To extract the gender, ethnicity, and political interest attribute distributions of different topics, we use the language models introduced in [26, 41]. However, any other available model could be used to infer user attributes. The location distribution of a topic is inferred using the geo-tagged public posts about this topic, where the location of the publisher is explicitly attached to the post.

2.3 Security Model

An approach that is commonly used for attribute obfuscation is generalization. The idea behind attribute generalization is to report a generalized value of a user’s sensitive attribute in order to hide the actual attribute value within. Consider location as a sensitive attribute example. Many works [36, 46] have used location generalization in different contexts. Mokbel et al. [36] use location generalization to hide a user’s exact location from Location Based Services (LBS). A query that asks "what is the nearest gas station to my exact location in Stanford, CA?" should be altered to "list all gas stations in California". Notice that the returned result of the altered query has to be filtered at the client side to find the answer of the original query. Similarly, Andres et al. [17] propose geo-indistinguishability, a location privacy model that uses differential privacy to hide a user’s exact location in a circle of radius from LBS providers. The wider the generalization range, the more privacy achieved, and the more network and processing overhead are added at the client side. Similarly, in the context of social networks, Zhang et al. [46] require Twitter users to generalize their location revealing hashtags in order to hide their exact location. For example, a user whose post includes "#WillisTower" should be generalized to "#Chicago" to hide a user’s exact location. Notice that generalization requires users to alter their original posts or queries.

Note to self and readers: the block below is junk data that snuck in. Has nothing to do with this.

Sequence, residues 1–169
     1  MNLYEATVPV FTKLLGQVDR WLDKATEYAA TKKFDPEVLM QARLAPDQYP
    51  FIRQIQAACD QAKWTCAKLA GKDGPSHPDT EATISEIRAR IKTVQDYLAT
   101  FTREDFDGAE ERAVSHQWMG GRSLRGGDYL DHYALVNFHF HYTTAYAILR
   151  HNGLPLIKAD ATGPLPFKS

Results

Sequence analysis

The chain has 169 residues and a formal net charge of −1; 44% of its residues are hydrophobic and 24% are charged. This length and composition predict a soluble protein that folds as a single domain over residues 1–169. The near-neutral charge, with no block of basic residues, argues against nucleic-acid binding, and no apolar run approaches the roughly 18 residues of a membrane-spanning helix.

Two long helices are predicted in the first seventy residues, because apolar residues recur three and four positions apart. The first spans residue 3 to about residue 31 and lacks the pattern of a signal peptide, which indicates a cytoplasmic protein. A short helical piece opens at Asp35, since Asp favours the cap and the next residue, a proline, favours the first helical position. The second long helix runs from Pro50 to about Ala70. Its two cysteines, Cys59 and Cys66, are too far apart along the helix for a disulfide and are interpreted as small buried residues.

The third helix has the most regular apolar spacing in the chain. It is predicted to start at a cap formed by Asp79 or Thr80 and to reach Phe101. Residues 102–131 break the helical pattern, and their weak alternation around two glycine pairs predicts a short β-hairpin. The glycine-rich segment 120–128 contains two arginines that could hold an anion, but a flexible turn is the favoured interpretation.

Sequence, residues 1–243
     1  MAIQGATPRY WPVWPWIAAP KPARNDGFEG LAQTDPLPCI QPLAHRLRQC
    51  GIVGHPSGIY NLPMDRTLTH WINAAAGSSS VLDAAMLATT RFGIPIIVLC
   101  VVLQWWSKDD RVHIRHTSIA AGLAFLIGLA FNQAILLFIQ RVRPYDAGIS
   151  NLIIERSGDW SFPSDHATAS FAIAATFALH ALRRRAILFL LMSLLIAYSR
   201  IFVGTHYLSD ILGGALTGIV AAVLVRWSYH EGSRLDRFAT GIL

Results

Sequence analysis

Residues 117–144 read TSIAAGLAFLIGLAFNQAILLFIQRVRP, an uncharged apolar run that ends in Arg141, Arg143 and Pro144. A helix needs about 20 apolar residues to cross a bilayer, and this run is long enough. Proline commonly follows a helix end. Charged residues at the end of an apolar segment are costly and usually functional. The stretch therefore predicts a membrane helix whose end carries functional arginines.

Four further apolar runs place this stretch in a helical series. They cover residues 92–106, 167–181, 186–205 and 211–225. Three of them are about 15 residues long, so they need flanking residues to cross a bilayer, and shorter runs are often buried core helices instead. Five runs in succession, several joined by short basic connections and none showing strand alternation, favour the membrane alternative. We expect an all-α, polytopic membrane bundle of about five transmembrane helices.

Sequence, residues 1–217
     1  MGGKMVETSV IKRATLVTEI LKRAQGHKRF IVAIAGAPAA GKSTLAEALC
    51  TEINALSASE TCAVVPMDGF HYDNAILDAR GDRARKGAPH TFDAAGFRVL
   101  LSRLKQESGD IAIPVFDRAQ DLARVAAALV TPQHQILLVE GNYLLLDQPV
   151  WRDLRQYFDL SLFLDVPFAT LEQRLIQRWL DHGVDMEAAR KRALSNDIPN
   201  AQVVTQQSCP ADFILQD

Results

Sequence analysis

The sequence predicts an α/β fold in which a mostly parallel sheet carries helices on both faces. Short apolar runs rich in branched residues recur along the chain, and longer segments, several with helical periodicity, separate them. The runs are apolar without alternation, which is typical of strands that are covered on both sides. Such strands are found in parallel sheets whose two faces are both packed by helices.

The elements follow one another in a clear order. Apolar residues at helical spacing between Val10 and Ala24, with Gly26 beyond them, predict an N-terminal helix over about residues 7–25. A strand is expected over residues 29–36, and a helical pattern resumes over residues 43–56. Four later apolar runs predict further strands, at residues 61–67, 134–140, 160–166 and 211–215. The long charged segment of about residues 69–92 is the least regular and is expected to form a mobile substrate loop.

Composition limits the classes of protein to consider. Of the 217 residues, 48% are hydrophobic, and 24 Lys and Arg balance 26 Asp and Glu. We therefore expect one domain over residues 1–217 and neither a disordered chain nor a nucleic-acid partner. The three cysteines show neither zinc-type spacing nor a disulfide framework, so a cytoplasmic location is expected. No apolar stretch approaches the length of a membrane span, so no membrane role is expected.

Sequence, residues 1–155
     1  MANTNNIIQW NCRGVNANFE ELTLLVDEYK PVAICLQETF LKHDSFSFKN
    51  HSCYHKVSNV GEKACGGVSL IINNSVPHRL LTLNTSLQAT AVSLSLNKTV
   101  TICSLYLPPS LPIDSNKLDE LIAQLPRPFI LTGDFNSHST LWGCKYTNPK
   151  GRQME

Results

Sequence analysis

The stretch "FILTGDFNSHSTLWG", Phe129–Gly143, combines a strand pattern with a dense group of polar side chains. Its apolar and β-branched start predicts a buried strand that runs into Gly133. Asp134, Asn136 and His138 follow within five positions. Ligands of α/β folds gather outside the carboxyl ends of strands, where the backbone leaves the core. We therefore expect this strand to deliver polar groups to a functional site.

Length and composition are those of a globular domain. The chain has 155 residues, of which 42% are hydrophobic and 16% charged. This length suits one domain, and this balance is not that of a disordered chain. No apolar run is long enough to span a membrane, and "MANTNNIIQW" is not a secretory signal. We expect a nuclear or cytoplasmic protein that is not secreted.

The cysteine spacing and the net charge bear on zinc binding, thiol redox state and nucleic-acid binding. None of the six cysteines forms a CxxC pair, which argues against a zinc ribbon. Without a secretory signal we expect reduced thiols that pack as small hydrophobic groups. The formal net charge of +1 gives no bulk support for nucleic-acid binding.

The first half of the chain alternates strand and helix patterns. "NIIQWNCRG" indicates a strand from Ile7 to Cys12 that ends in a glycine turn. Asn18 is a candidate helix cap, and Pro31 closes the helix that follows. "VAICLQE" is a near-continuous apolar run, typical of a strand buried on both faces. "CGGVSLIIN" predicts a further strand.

To overcome these limitations and to allow users to write their posts using their own words, we adopt the notion of k-attribute-indistinguishability privacy that is defined as follows. For every sensitive attribute , the user defines an indistinguishability parameter . determines the number of attribute values among which the real value of parameter is hidden. For example, a user who lives in CA sets in order to hide her original state location, CA, among 3 different states (e.g., CA, IL, and NY). This means that a content-based inference attack should not be able to distinguish the user’s real location among the set {CA, IL, NY}. As explained in 2.1, attribute domains either form multi-level hierarchies (e.g., location) or trivial hierarchies (e.g., gender and ethnicity). Unlike in attribute generalization where a user’s attribute value is generalized by climbing up the attribute hierarchy, k-attribute-indistinguishability achieves the privacy of an attribute value by hiding it among attribute values chosen from the siblings of the actual attribute value in the same hierarchy level (e.g., a user’s state level location is hidden among other states instead of generalizing it to the entire country). The following inference attack explains when k-attribute-indistinguishability is achieved or violated.